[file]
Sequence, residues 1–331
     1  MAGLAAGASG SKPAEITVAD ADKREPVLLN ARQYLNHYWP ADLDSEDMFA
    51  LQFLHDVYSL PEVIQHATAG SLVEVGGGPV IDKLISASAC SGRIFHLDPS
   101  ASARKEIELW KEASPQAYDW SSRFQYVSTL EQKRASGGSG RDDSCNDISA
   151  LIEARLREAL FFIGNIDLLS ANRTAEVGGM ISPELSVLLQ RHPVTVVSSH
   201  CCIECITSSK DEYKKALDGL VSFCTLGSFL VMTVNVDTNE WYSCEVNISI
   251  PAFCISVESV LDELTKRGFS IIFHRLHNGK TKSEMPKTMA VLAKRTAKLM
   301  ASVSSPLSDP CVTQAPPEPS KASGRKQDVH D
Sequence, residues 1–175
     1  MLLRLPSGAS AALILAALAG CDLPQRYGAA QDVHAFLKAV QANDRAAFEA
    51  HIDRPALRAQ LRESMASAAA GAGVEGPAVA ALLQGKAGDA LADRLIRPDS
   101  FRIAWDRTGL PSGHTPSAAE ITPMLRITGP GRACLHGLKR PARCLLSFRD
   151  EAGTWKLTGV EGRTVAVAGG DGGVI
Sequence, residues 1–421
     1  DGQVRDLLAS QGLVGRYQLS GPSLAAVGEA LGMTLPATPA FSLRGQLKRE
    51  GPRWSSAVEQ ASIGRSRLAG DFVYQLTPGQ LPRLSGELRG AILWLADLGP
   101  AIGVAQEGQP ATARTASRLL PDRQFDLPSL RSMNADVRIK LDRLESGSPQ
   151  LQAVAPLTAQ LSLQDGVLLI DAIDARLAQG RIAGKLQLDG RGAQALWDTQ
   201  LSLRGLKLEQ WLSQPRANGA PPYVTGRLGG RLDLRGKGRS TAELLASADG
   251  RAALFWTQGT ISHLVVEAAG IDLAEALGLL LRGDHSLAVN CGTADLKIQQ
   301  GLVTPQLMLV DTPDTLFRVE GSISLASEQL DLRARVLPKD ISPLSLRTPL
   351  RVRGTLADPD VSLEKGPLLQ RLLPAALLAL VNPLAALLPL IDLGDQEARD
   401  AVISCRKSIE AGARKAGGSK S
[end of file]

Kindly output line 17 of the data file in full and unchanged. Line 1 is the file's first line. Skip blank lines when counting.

   101  AIGVAQEGQP ATARTASRLL PDRQFDLPSL RSMNADVRIK LDRLESGSPQ